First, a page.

A modern retelling of Euripides' classic MEDEA, this time told through the eyes of a profoundly Deaf actor named Malachi who, after years of helping Jason, his hearing playwright boyfriend, write a new work heavily inspired by his own life, finds himself dumped - both personally and professionally - for another Deaf actor. Not only does this new actor, named Kit, speak a lot clearer than Malachi can,...
    A modern retelling of Euripides' classic MEDEA, this time told through the eyes of a profoundly Deaf actor named Malachi who, after years of helping Jason, his hearing playwright boyfriend, write a new work heavily inspired by his own life, finds himself dumped - both personally and professionally - for another Deaf actor. Not only does this new actor, named Kit, speak a lot clearer than Malachi can, making him far more accessible to mainstream hearing audiences, he also has a father who happens to be a leading Broadway producer. After the play within the play and Kit ultimately both become the toasts of the Great White Way and rake in a few Tony Awards, Malachi decides it's high time to take his murderous revenge on them all.
  • PHILOCTETES, a new adaptation
    What happens if you change one character in an ancient Greek tragedy to make him Deaf, but change nothing else about the play? How does this impact the piece as a whole?

    PHILOCTETES is the result of that experiment. Told in a classic verse style, the play follows the hearing Neoptolemos as he, ordered to do so by Odysseus, pretends to be Deaf in order to covertly convince Philoctetes, who really...
    What happens if you change one character in an ancient Greek tragedy to make him Deaf, but change nothing else about the play? How does this impact the piece as a whole?

    PHILOCTETES is the result of that experiment. Told in a classic verse style, the play follows the hearing Neoptolemos as he, ordered to do so by Odysseus, pretends to be Deaf in order to covertly convince Philoctetes, who really is Deaf, to rejoin Odysseus' army and help them win the battle of Troy with his divinely endowed bow. When the truth ultimately is revealed that Neoptolemos is not just an agent for Odysseus but also just pretending to be Deaf, this double betrayal turns Philoctetes against Odysseus even more than ever.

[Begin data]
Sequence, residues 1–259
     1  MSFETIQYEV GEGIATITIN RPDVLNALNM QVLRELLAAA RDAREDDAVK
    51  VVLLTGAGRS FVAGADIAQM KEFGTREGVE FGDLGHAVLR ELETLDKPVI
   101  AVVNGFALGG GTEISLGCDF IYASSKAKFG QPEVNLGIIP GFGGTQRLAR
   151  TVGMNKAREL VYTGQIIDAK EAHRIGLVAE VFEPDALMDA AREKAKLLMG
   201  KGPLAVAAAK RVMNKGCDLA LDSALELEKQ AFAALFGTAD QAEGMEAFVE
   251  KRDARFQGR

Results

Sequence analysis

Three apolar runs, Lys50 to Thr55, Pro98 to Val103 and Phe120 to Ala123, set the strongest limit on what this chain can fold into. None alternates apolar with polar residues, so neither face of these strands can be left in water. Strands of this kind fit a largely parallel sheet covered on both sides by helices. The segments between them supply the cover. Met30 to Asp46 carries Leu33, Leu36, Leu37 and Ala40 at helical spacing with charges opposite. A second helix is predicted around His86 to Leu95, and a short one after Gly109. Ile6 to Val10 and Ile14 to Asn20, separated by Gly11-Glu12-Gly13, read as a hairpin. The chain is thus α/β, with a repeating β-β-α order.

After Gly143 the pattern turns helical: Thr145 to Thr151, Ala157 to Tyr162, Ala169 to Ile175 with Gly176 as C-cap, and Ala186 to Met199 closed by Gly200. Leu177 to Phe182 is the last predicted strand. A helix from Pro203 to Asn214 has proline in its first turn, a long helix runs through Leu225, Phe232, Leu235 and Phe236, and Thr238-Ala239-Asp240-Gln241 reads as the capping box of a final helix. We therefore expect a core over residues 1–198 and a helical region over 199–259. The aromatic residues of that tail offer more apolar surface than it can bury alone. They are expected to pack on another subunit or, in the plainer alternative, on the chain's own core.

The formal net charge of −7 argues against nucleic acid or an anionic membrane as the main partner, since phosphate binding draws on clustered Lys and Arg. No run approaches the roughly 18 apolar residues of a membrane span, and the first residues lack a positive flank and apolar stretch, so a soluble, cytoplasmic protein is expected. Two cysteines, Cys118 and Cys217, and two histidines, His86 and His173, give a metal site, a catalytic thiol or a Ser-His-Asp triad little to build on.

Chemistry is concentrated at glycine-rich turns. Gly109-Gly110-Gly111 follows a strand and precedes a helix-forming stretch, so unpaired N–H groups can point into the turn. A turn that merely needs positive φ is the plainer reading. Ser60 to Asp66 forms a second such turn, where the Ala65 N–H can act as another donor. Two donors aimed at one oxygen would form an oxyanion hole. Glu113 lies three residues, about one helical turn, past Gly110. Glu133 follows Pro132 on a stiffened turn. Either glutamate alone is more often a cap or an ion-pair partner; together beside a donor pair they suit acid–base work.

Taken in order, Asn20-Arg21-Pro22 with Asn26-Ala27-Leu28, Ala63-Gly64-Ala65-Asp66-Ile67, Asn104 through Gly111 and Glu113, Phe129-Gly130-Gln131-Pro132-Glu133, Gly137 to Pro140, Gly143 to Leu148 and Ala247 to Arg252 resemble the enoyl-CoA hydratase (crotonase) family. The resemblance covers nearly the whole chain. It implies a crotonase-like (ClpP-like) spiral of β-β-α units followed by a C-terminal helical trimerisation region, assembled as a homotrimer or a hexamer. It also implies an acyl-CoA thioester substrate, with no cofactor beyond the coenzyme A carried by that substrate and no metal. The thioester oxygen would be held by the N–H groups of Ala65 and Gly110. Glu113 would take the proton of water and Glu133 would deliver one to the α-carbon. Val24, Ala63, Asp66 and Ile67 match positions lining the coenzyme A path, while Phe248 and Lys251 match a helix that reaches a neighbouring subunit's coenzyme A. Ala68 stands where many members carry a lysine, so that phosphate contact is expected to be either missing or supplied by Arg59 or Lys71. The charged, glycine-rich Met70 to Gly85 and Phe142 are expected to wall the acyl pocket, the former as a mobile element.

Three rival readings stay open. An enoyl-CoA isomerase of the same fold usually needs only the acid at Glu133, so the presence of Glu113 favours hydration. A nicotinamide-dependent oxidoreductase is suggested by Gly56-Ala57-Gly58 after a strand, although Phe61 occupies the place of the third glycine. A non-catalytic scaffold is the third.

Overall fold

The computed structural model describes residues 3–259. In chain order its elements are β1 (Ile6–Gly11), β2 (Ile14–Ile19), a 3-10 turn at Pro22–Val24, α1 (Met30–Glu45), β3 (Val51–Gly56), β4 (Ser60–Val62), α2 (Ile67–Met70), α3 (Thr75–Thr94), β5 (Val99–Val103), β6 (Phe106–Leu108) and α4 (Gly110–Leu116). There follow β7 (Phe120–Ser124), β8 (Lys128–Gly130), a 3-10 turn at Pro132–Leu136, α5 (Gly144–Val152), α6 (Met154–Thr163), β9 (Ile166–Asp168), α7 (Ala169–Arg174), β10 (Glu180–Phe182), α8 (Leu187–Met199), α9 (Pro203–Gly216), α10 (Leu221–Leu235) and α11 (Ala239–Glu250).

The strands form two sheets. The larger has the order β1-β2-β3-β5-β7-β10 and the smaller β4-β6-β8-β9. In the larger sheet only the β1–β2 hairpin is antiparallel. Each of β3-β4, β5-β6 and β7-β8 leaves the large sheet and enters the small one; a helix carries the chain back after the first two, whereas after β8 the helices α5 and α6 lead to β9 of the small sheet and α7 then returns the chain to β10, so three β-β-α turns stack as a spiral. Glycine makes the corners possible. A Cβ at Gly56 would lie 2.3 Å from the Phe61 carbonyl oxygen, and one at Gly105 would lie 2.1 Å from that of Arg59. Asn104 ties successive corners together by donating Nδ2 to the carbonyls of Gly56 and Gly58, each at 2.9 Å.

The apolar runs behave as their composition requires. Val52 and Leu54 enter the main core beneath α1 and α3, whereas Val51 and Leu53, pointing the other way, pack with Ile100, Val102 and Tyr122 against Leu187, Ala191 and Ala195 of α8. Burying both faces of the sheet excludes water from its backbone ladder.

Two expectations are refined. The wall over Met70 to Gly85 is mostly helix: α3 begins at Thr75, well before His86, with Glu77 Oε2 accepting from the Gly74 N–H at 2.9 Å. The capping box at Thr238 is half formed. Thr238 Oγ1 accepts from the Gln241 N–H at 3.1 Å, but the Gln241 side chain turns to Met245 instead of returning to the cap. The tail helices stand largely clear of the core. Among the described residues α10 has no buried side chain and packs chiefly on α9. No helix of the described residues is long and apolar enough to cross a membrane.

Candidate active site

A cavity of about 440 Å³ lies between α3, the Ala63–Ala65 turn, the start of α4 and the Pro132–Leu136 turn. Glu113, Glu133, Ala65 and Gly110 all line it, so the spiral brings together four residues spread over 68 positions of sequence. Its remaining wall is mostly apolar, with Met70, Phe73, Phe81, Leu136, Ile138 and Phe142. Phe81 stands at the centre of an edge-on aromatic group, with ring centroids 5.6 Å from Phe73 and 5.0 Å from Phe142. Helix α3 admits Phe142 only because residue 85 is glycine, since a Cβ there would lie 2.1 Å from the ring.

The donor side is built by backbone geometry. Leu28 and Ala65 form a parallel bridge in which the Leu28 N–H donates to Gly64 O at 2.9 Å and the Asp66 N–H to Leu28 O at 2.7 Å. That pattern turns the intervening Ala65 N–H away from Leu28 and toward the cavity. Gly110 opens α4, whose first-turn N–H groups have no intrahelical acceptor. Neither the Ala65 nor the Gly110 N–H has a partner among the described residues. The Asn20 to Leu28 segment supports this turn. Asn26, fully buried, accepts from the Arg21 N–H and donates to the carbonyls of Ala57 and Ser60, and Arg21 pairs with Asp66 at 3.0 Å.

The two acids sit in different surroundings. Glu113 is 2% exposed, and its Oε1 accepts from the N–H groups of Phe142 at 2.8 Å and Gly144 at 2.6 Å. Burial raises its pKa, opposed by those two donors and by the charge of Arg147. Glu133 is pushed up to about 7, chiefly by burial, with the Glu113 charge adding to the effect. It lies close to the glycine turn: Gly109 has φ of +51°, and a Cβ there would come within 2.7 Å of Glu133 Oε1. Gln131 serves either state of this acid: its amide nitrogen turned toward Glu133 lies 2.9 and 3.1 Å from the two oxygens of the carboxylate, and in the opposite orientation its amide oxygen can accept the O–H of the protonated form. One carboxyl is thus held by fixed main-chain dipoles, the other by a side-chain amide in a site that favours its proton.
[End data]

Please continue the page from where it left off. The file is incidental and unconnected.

• QUID PRO QUO
    Hearing college student Lindsay informs fellow student and Deaf man Lucas that, as a result of their drunken one-night-stand, she is now pregnant. However, she wants to give the baby up for adoption, which Lucas vehemently refuses to allow on the slim chance that the baby could also be Deaf. Through a magical twist of fate, everything changes and gives them each far more insight into their own identities than...
    Hearing college student Lindsay informs fellow student and Deaf man Lucas that, as a result of their drunken one-night-stand, she is now pregnant. However, she wants to give the baby up for adoption, which Lucas vehemently refuses to allow on the slim chance that the baby could also be Deaf. Through a magical twist of fate, everything changes and gives them each far more insight into their own identities than they could ever have imagined possible.

    The entire play is performed in American Sign Language. Simultaneous voice actors can be provided.
  • A BAG OF SAND AT APPLEBEE'S
    What happens when Caroline is in desperate need of a beach vacation, but can't afford to take the time off from work? She gets creative and takes a bag of sand to Applebee's. A short, one-act comedy piece.

    This play has no Deaf characters or themes.